Research: Obesity leads to Diabetes
Scientists have undergone a clinical research study on healthy individuals and their extra food consumption to understand the relationship of obesity in its earlier stage and diabetes. The research allowed scientists to get a better understanding of how obesity leads to diabetes.
The study involved healthy individuals to eat about 6000 calories a day, double the amount of their daily consumption; six middle aged men – who had a normal or slightly high BMI – were made to eat double the amount of food they ate in regular days. These individuals were restricted to their beds in a laboratory environment within a hospital, because the scientists wanting to study how the least amount of physical activity is factored in.
The research findings showed that, within a period of a week, by consuming a non-standard 6200 calories, the individuals gained 3.5 kg or 8 lbs. Their diet included fast food and processed foods like pizza, burgers and cookies – all rich in carbohydrates and fat.
The research was conducted to observe how obesity results in a metabolic disorder, ‘insulin resistance’. This occurs when the body’s cells does not have the proper intake of insulin resulting in to type-2 diabetes.
Insulin is a hormone formed in the pancreas, which helps the human body in using energy from blood sugar, or blood glucoseextracted from digested food.
There are a number of theories formed by the scientists, for why obesity causes insulin resistance, such as the likelihood of increased fatty acids or inflammation in an obese person.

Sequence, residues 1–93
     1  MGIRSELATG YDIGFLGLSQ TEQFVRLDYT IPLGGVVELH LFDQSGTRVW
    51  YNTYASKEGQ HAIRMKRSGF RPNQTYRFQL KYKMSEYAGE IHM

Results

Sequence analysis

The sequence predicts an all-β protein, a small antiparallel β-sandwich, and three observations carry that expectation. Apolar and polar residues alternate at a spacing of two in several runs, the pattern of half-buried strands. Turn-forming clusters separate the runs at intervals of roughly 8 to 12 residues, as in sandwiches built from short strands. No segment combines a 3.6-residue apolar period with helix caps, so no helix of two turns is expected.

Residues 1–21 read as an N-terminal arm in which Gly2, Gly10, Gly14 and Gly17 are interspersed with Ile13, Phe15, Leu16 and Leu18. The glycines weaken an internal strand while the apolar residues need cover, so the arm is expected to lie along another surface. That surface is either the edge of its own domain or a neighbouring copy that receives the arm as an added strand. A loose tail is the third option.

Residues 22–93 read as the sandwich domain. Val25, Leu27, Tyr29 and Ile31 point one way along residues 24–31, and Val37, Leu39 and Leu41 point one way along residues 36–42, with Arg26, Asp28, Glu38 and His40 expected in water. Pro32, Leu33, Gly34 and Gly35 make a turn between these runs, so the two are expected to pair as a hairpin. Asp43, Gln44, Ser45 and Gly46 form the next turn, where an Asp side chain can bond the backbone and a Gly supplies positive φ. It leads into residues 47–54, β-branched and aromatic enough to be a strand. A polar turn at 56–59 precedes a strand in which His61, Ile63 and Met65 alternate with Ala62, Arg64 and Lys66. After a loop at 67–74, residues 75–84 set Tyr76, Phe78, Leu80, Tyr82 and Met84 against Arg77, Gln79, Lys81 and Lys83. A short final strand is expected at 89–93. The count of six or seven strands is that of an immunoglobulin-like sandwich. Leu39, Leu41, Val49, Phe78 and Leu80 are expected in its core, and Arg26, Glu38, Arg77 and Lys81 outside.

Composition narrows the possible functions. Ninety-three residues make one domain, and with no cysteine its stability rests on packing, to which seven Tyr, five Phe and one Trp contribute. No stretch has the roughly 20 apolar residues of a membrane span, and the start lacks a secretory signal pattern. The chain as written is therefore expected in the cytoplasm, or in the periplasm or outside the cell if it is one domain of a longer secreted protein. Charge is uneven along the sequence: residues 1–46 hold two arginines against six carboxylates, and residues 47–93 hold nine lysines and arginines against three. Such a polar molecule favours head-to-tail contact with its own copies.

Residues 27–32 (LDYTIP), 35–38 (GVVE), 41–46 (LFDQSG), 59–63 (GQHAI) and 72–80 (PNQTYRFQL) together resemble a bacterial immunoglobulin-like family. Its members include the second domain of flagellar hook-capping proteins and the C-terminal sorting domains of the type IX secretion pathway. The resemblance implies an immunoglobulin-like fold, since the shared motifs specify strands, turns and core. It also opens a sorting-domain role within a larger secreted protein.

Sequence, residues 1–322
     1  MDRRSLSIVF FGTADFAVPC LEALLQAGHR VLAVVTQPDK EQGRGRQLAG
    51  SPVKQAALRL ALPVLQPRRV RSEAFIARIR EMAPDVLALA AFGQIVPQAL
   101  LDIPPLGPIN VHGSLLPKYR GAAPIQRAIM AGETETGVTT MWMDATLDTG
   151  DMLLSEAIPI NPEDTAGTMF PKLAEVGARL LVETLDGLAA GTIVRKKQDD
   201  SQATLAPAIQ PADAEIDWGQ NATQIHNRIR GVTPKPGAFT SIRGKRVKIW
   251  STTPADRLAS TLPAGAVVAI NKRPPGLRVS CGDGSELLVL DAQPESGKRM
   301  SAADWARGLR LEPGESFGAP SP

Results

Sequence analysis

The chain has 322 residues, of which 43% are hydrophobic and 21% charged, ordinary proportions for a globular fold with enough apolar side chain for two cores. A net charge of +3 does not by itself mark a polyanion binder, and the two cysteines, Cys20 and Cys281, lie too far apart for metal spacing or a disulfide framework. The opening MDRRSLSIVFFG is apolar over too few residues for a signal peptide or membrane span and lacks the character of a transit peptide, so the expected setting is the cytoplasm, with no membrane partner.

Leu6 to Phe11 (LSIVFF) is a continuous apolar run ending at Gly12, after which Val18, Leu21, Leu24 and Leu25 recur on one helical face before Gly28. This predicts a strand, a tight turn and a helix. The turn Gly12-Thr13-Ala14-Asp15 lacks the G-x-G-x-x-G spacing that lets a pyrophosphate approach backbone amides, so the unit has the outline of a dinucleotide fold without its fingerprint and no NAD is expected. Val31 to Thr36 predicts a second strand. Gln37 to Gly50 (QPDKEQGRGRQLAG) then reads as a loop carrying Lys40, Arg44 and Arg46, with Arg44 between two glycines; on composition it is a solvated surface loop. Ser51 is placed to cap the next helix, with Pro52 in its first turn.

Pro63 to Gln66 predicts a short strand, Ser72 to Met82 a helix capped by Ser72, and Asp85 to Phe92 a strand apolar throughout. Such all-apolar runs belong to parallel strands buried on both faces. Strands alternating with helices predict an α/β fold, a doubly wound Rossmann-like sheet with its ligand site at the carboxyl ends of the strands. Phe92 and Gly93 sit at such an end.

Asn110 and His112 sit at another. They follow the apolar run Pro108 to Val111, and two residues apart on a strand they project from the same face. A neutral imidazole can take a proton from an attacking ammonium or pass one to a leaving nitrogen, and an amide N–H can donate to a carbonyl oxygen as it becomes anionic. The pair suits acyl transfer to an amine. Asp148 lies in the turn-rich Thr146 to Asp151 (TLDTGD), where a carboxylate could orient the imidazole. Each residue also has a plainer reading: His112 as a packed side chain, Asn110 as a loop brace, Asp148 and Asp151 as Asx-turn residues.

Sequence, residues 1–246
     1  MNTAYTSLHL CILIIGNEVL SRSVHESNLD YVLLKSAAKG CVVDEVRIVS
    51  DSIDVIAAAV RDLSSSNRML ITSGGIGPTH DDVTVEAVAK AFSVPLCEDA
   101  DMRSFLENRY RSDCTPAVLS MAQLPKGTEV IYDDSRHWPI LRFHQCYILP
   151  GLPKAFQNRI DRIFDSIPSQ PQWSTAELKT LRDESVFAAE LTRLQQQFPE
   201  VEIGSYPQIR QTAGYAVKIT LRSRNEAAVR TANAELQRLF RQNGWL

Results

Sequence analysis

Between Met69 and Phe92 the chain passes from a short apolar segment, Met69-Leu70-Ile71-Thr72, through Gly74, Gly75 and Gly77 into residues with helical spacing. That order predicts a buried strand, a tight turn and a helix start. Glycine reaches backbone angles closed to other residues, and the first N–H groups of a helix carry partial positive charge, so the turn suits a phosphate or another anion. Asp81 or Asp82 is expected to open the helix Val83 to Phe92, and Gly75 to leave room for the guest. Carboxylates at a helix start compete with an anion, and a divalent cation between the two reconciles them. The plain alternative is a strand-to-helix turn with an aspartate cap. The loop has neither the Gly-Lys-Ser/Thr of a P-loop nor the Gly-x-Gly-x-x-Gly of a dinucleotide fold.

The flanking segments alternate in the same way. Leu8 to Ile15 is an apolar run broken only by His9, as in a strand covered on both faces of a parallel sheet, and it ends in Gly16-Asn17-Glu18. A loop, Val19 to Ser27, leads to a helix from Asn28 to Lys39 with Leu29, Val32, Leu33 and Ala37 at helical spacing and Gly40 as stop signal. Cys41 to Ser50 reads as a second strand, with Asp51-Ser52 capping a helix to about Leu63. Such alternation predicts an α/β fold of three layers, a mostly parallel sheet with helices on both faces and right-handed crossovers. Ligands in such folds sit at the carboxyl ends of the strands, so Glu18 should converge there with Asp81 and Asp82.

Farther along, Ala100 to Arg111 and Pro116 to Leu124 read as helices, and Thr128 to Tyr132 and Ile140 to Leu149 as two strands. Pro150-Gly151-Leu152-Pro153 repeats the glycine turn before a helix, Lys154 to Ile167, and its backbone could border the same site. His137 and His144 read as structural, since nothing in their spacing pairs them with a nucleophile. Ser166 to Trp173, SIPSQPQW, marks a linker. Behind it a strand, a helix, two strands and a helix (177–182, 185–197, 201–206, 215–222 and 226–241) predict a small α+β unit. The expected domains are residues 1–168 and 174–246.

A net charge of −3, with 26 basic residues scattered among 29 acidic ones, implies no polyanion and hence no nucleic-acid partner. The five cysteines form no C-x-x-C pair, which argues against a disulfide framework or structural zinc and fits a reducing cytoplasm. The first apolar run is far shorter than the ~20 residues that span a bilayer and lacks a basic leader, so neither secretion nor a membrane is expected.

The new research focuses on what happens inside the human body of a person in early obesity that creates the initial steps in insulin resistance. The research showed that individuals developed the metabolic disorder within two to three days.
The urine and fat test samples, taken during the study, showed an increase in oxidative stress within the bodies. This oxidative stress results in changes in GLUT4, a protein that helps sugar to get inside the human cells. The changes in the specific protein probably might have reduced the ability of it being responsive to the hormone insulin, resulting in insulin resistance.
The study concluded a new hypothesis. Insulin resistance can be treated by antioxidants that come from food, though further studies need to be conducted to see if the hypothesis and the fact that oxidative stress results in more changes that contribute to insulin resistance.